Five veterans were presented with handmade quilts, fashioned in shades of red, white and blue, at an “Honoring All Who Served” Veterans Day service at St. Martha’s Episcopal Church in Bethany Beach.
As each name was called during the outdoor ceremony on the sunny morning of Wednesday, Nov. 11, a “Quilt of Valor,” made by members of the St. Martha’s Stitchers, was placed around the veteran’s shoulders, evoking nods and smiles of appreciation and tear-filled eyes.
“These quilts were stitched with love, prayer and healing thoughts, and they are quite magnificent,” the Rev. David Beresford, interim rector, said, adding that each quilt was “an expression of gratitude to comfort and thank veterans.”
Recipients at the Nov. 11 ceremony were Hal Barber, Frank Bell, Clem Edgar, George Jones and Bill Parler.
Barber was in U.S. Naval Intelligence from 1944 to 1964. He started his career working with codes in the South Pacific and also represented the United States at an international trade fair in Zagreb, Yugoslavia. He was awarded a medal from the Freedom Foundation for helping to bring understanding of the American way to the world, according to information provided by the church.
After completing active service, he worked at the National Security Agency and the Armed Forces Security Agency, traveling widely in the United States and overseas.
He and his wife, Dottie, and their family, have attended St. Martha’s since the 1970s.
Bell graduated from the Merchant Marine Academy in 1958, earning a commission in the Navy Reserve and serving until 1964. His travels in dangerous Cold War years took him to Lebanon in 1956 to deliver supplies to Marines under fire.
After completing military service, he worked as an engineer for Sperry and Westinghouse, eventually joining the National Security Agency until retirement.
He and his wife, Jean, have attended St. Martha’s since 2007.
Edgar was commissioned through ROTC as a lieutenant in the Army Engineer Corps, serving from 1965 to 1967. He was stationed at an airbase near Saigon during the Vietnam War, commanding an engineering detachment building housing, latrines and mess halls. He was the architect and taught himself key elements of construction. Later, he worked in the plastics and paper industry in engineering, manufacturing and specialized sales for global companies such as Scott, Kimberly Clark and Hasten.
He and his wife, Tina, and their family have attended St. Martha’s since the 1960s.
Jones served in the U.S. Army’s counter-intelligence corps from 1963 to 1967. About two and a half of those years were in Germany, in a small but secure location near Frankfurt during the Vietnam War. He met his wife, Kristin, while in Germany, where her father ran an American company. They have been married for 52 years.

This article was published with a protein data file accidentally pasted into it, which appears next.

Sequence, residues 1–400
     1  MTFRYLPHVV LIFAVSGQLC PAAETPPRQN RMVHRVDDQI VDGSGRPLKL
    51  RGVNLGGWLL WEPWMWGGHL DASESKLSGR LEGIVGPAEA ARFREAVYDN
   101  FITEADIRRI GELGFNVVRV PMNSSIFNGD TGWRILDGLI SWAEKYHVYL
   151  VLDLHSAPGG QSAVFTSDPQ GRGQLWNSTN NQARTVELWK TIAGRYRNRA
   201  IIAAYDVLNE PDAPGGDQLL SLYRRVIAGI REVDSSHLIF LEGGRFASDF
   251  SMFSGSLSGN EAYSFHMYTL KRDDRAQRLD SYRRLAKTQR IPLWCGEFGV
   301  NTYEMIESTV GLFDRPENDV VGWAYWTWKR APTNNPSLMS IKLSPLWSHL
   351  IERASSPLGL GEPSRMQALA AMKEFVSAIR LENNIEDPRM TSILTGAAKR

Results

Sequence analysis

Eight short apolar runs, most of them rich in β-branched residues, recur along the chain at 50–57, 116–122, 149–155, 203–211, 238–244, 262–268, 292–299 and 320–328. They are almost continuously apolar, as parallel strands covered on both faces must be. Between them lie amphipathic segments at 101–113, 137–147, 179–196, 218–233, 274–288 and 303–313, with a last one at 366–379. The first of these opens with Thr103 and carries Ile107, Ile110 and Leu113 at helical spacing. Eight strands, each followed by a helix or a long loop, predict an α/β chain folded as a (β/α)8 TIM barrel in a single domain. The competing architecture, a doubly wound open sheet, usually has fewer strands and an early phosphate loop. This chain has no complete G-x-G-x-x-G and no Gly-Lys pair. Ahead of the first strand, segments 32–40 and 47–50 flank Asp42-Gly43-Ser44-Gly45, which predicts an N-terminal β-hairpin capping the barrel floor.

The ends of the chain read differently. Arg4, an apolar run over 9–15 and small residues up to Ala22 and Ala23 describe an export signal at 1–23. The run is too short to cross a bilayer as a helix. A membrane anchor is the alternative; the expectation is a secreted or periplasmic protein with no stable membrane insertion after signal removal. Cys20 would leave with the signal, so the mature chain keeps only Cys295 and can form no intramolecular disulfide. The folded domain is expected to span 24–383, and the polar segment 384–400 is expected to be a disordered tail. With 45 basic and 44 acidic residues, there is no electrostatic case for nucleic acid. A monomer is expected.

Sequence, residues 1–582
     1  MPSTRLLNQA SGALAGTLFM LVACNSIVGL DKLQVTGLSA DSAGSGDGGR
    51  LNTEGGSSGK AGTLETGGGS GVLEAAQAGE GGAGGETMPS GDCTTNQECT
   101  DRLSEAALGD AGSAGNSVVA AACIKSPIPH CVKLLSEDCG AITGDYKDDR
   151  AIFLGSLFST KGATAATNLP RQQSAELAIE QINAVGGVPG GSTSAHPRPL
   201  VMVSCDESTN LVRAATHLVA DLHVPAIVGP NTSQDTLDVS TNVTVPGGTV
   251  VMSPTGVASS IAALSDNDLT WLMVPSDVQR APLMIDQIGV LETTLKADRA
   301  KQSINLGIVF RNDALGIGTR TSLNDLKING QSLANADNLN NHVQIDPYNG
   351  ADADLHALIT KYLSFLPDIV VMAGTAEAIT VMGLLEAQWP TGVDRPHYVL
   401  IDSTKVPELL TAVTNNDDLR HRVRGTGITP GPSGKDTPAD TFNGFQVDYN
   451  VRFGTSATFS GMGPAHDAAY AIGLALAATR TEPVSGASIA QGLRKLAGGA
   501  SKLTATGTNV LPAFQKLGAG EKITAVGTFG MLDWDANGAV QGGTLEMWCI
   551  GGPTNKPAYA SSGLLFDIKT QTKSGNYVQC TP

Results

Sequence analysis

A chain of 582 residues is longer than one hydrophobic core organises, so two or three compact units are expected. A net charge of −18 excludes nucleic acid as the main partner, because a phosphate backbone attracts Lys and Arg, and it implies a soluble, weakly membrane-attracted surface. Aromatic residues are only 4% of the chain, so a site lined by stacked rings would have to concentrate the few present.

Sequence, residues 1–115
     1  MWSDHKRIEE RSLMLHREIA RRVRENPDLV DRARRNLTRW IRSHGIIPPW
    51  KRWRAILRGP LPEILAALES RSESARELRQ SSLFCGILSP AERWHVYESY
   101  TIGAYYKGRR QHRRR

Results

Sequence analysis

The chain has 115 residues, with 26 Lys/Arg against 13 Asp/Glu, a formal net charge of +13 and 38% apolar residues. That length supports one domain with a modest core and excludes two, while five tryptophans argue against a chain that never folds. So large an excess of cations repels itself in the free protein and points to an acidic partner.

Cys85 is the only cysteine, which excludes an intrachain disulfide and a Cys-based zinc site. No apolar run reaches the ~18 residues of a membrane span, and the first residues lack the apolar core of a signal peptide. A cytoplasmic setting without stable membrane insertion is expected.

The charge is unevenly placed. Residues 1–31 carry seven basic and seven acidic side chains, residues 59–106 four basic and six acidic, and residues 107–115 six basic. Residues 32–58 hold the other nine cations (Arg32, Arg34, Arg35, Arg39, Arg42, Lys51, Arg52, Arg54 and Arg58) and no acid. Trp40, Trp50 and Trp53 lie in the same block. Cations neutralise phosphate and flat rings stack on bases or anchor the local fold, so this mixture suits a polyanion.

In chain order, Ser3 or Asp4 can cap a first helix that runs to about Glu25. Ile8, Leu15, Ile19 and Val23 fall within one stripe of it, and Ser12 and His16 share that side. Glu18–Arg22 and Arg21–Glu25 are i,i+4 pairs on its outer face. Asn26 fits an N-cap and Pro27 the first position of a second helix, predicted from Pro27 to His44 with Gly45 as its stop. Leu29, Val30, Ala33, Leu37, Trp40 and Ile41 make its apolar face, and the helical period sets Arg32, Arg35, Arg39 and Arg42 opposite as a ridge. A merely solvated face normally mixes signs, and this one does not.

After serving in the military, he became a newspaper reporter for the Frederick Post in Frederick Md., then for the New York Times.
He and his wife, Kristin, have attended St. Martha’s since 2002.
Parler graduated from the U.S. Naval Academy in 1951 and served in the Navy on active duty and in the reserves for 25 years, until around 1975. Immediately upon graduation from the Naval Academy, he was assigned to combat duty in the Korean War, as executive officer of large landing ships supporting Marines in close combat, including an especially harrowing evacuation of a Marine unit in extreme danger.
After completing active service, he earned a law degree from Harvard and continued serving the country as general counsel at the Nuclear Regulatory Commission.
He and his wife, Ann, have attended St. Martha’s since 2005.
Beresford blessed the quilts and, in prayer, expressed thanks for those who fought for freedom “and entered into danger and were separated from those they loved for our sakes.”
Recipients were chosen from among 20 veterans who attend St. Martha’s and names on the weekly prayer list who are on active duty.
The program was sponsored by the Delaware Chapter of the National Quilt of Valor Foundation, whose mission is to “cover service members and veterans touched by war with comforting and healing Quilts of Valor.”
More than 260,000 male and female veterans nationwide have received Quilts of Valor.
St. Martha’s got involved in 2014, when church member Carol Boebel recruited members and friends to sew quilts for the annual Operations SEAs the Day Warrior Family Beach Week.
During the Veterans Day church service before the quilts were presented, Beresford talked about how his father, also a veteran, survived war and kept memorabilia from the places where he was stationed.
“A lot of soldiers at that time were just kids. We come to our Veterans Day service today and we are celebrating men, women and all veterans,” he said, adding that believers are “encouraged by the words of Jesus.”
“In Jesus we see the qualities of peace and not violence. The path to peace leads to eternal life and to God. As a people, we must not allow ourselves to slip into a kind of peaceful slumber but to … start now in the way we treat each other.
“It is Jesus who teaches us the way of peace.”